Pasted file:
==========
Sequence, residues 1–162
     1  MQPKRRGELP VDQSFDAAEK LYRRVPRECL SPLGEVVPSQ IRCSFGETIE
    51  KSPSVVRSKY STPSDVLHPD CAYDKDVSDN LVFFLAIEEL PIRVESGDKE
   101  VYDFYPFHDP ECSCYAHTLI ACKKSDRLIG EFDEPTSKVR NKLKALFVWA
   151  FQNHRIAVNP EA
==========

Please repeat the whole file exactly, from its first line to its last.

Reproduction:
Sequence, residues 1–162
     1  MQPKRRGELP VDQSFDAAEK LYRRVPRECL SPLGEVVPSQ IRCSFGETIE
    51  KSPSVVRSKY STPSDVLHPD CAYDKDVSDN LVFFLAIEEL PIRVESGDKE
   101  VYDFYPFHDP ECSCYAHTLI ACKKSDRLIG EFDEPTSKVR NKLKALFVWA
   151  FQNHRIAVNP EA